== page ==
Showing 31 – 37 of 37 resources

Growth Rates of Sugar Maple Trees Tapped for Maple Syrup Production Using High-Yield Sap Collection Practices

The amount of sap that can be extracted annually from trees for maple syrup production using current equipment and practices is more than double the typical yields achievable when current maple industry tapping guidelines were developed. The growth rates of trees tapped with these Òhigh-yieldÓ practices at 18 sites in Vermont were measured and evaluated to determine whether they were sufficient for the replenishment of conductive wood to remain at sustainable levels when current tapping guidelines are followed.

Woods Whys: How Do Trees Heal Wounds on Trunks and Branches?

In order to survive, trees must overcome their injuries. But technically they donÕt heal their wounds, at least not the way that human and animal bodies repair, restore, or replace damaged cells or tissue. Trees are built in layers of cells that are bound by rigid walls in a modular, compartmented way. This structure dictates their wound response.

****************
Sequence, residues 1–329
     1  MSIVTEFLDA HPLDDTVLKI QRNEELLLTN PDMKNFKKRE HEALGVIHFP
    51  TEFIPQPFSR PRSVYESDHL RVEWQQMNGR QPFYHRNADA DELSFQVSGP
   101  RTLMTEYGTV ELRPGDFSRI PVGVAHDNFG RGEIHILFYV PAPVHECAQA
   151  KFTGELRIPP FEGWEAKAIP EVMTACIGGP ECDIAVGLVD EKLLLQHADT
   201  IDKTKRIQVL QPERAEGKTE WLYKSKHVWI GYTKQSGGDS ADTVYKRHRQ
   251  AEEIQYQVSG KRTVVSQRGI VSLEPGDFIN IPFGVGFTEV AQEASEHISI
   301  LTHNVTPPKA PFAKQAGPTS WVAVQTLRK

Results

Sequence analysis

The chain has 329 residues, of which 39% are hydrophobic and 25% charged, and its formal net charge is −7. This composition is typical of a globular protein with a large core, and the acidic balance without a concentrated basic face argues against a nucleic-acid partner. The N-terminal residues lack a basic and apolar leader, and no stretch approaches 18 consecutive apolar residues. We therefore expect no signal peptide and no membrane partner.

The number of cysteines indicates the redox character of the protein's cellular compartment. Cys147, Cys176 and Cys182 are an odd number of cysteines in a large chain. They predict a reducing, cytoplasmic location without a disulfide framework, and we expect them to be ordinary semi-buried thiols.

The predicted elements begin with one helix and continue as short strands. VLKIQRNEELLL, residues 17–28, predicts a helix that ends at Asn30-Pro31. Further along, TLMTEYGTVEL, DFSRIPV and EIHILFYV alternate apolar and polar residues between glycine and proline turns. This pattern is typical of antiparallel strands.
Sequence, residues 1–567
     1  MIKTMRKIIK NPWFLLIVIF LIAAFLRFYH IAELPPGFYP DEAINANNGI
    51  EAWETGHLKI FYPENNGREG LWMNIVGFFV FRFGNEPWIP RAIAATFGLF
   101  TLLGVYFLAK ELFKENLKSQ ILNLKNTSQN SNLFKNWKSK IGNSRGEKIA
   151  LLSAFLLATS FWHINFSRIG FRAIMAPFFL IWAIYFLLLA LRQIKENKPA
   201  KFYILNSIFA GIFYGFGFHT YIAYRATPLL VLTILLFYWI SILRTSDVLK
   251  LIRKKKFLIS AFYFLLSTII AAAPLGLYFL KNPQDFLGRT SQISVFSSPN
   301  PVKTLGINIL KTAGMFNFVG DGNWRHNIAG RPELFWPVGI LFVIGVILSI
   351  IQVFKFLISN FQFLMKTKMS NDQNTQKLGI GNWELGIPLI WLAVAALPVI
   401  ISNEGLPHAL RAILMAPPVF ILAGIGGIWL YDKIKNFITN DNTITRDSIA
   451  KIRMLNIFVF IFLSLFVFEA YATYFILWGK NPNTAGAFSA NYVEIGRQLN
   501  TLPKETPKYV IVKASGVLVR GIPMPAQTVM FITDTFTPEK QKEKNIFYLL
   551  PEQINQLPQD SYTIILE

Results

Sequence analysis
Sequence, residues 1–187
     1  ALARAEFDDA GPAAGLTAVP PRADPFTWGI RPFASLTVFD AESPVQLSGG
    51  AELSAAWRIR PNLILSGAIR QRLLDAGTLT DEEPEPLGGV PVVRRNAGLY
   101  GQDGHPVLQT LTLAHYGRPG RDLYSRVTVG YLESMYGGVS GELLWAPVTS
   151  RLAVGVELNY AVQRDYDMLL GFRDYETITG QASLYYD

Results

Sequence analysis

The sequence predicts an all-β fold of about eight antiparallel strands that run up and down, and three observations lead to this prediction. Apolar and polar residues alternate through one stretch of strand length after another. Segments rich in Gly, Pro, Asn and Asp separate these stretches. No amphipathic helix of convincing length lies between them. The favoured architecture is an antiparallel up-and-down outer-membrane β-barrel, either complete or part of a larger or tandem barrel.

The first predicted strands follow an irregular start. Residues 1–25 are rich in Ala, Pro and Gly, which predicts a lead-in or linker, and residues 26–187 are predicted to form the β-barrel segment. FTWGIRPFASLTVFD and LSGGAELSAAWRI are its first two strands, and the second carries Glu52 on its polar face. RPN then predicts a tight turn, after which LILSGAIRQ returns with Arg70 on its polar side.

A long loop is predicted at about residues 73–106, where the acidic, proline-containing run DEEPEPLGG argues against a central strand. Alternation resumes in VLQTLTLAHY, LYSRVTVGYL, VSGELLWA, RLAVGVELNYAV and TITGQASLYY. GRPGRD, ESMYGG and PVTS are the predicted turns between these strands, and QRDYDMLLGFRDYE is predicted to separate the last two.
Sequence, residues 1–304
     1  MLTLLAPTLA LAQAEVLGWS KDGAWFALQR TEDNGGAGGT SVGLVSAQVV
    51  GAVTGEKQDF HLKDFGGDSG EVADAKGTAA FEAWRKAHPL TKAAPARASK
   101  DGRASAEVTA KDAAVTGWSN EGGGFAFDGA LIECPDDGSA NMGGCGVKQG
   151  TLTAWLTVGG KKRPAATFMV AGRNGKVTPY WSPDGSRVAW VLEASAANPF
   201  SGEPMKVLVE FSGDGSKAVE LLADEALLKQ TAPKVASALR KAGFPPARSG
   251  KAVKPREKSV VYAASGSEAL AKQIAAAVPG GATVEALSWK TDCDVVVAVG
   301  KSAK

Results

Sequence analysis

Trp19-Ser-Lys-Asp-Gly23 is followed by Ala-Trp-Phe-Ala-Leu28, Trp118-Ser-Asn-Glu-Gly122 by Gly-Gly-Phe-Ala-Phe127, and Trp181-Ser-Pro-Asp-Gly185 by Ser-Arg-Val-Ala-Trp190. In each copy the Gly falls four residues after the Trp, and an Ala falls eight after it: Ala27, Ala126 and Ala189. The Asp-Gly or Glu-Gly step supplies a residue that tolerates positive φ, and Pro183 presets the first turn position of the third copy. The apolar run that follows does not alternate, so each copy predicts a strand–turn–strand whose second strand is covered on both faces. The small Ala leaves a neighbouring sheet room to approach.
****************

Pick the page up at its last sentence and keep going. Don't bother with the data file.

Maple Dropline Assembly and Installation

This video goes over how to make and install a dropline into your lateral. A dropline has a tap and a tee on it and allows the maple sap to go into your lateral tubing and into the mainline.

Maple Syrup Quality Control Manual

The most important contribution to the production of high quality maple syrup and syrup products is cleanliness and attention to detail in all parts of the production process. This manual provides guidance for doing so.

History of Northeastern US Maple Syrup Price Trends

Average annual percentage rates of change (APR) in maple syrup prices (average gallon equivalent price in the United States) in seven northeastern United States and their aggregated region were determined for the years 1916 to 2012. The price trend lines were then compared on state-by-state and region-by-state basis.